Using the Pareto rule as a guide, your focus should be on gathering 80% of the required information and then making your decisions in 20% of your allotted decision-making time and moving on. There’s no need to waste your time trying to gather every piece of data known to exist. Define good enough; decide ahead of time what 80% looks like.
This equally means you are accepting imperfections and treating projects as start-up ventures or rapid-cycle experiments. In the end, you become focused on doing just enough to begin, get feedback, learn, modify and improve. That way, you can also allow for the continuously changing environment and accept that progress is not always a straight line.
4. Communicate effectively
Spend 80% of your time listening to your team and 20% talking to them
We unintentionally create complexity by trying to communicate every idea and information in great detail to ensure everyone understands everything. This results in lengthy content that confuses everyone and is responsible for the reason why internal communication content get ignored by employees. Yet, 60% of companies currently lack a better, long-term sustainable strategy for internal communications.
Your primary responsibility as a leader is to guide your team to success. But this does not translate into ‘telling your team what to do’.
Consider the intriguing results of a study by Laura Landro, managing editor for Wall Street Journal and author of paper’s Informed Patient column:
- 18-45 percent of patients can’t recall the major risks of their treatment.
- 44 percent of patients don’t know the exact nature of their operation.
- 60-68 percent of patients don’t read or understand the information in a consent form.
- 80 percent of what doctors tell patients can’t be recalled as soon as the patient leaves the office.
- 50 percent of what the patient does “recall” is inaccurate.
Although these statistics specifically applies to customer relationships (patient-doctor relationship), they can be easily applied internally in any organization.
Hence, it means that when we strive to answer every possible question in advance, too many details get muddled and confusing. The wasted time and effort also means less time will be spent actually listening to your team and providing opportunities to harness their creative abilities.
The solution? ruthlessly cut down all unnecessary technical and emotional conversation. Focus on conveying the most important information and nothing more. This would improve understanding and recall. It would also make it easier for people to see you as a leader that isn’t afraid to be wrong about some things.
In the end, your communication with your associates, colleagues, and teammates become genuine, interactive, and effective.
5. Delegate everything that someone else can do
80% of your ideas should come from your team while 20% comes from you
Getting rid of complexity doesn’t mean getting rid of the room for innovation, especially from your team.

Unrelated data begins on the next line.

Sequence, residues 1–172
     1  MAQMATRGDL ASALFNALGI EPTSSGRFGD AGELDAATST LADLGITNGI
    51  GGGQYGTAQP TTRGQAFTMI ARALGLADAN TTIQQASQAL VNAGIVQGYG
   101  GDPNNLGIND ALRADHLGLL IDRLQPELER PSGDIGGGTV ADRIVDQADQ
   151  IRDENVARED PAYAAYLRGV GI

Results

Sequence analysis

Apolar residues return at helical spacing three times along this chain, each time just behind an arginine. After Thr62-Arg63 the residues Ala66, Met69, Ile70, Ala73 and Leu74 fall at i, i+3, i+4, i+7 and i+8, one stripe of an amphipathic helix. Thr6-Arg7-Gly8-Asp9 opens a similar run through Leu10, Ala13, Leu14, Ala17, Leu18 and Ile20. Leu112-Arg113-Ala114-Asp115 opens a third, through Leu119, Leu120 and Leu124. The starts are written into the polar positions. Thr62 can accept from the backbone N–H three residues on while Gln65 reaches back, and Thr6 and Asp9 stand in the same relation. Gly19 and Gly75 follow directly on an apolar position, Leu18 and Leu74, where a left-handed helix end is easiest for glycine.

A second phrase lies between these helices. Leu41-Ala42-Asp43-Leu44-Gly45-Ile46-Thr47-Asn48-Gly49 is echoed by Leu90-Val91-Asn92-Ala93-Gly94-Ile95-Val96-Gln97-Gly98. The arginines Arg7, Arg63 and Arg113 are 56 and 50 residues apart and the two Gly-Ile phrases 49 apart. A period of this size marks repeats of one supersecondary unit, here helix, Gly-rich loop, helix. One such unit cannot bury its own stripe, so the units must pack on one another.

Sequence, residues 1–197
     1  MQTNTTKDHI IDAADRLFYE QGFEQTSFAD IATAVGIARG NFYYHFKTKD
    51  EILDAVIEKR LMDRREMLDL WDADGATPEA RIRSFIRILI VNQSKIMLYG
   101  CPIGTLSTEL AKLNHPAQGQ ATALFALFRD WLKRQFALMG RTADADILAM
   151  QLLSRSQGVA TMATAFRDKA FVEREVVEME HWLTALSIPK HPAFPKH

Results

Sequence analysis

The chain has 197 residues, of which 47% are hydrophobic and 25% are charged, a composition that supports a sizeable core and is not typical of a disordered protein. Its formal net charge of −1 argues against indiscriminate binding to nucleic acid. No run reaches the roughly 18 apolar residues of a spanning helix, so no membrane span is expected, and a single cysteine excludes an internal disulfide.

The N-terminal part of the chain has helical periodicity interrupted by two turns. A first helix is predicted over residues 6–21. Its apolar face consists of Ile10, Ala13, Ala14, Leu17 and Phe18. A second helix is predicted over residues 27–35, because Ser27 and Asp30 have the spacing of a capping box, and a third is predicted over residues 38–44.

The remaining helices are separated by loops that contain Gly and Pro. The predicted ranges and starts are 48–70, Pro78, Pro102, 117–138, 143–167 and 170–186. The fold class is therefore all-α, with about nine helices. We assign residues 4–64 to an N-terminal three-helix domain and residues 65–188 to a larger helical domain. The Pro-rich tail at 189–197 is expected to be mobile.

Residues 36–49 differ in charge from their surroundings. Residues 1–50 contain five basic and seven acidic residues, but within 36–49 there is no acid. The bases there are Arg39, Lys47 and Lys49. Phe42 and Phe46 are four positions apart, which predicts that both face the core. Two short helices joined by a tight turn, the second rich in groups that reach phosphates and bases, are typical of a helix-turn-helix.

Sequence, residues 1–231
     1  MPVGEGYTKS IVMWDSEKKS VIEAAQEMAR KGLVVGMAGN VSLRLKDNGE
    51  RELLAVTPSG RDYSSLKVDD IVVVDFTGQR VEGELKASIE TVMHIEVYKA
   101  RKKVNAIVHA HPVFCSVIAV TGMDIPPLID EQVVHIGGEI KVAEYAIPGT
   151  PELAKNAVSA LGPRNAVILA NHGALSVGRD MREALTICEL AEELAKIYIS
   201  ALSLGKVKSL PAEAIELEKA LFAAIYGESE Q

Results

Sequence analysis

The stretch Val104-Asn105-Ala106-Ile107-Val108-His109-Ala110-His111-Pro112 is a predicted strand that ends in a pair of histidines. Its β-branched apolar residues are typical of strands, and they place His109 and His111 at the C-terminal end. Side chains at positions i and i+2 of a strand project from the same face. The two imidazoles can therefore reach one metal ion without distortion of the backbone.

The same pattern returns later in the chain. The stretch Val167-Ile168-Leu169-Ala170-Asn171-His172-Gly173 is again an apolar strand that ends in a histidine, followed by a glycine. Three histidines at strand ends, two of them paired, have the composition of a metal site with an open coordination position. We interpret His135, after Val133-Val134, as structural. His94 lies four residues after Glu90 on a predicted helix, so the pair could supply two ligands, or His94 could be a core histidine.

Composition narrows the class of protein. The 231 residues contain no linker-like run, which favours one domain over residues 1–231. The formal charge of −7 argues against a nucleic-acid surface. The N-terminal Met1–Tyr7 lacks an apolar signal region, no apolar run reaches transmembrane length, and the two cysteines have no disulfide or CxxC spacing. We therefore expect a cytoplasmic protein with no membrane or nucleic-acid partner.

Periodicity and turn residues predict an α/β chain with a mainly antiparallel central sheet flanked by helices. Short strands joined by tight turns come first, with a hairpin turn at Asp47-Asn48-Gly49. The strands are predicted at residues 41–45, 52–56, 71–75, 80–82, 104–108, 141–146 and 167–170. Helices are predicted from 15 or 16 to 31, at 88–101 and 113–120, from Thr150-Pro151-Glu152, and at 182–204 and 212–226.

As a manager, it’s easy to get caught up in the need to be hands-on. This usually stems from an innate belief that no one can do the job better than we can. Instead of delegating work, or reaching out for input and help, we become bottlenecks, making others wait while they try to get everything right. This is worsened by our ability to take on too much and not prioritize. In no time, we become frazzled, over-worked, and overwhelmed.
When we delegate, it becomes easier to focus on things that require our level of experience, approval, confidentiality, and authority. In the same vein, delegating provides room to empower, enable, coach, and guide your teams, employees, colleagues, and associates correctly. This also ensures that they will handle the tasks we delegated in a much better way, and develop their critical thinking and judgment. Altogether, further increasing your efficiency and effectiveness.
So you must attain that level of self-confidence where you can provide space for others to shine. That way, you don’t only gain clarity of purpose, you provide room for others to do so.
Read this: Learn how to delegate effectively
Finally, the words of renowned business magnate Warren Buffet brings to mind the vitality of simplicity
“You only have to do a very few things right in your life so long as you don’t do too many things wrong.”
Mixed messages confuse people. Disorganized documents discourage reading. Irrelevant details bury key ideas. Too many ideas make it difficult to focus. So even as it’s easy to unintentionally respond to complexity by creating more complexity, we must be intentional in making things simpler and more straightforward.
Always remember that complexity means decay. And internal complexity can lead to huge hidden costs that depress returns more than anything else.
Let the 80 20 rule guide you to make the appropriate changes towards becoming a better leader. No matter how complex it seems, there’s a simpler way that leads to clarity and clarity leads to focus.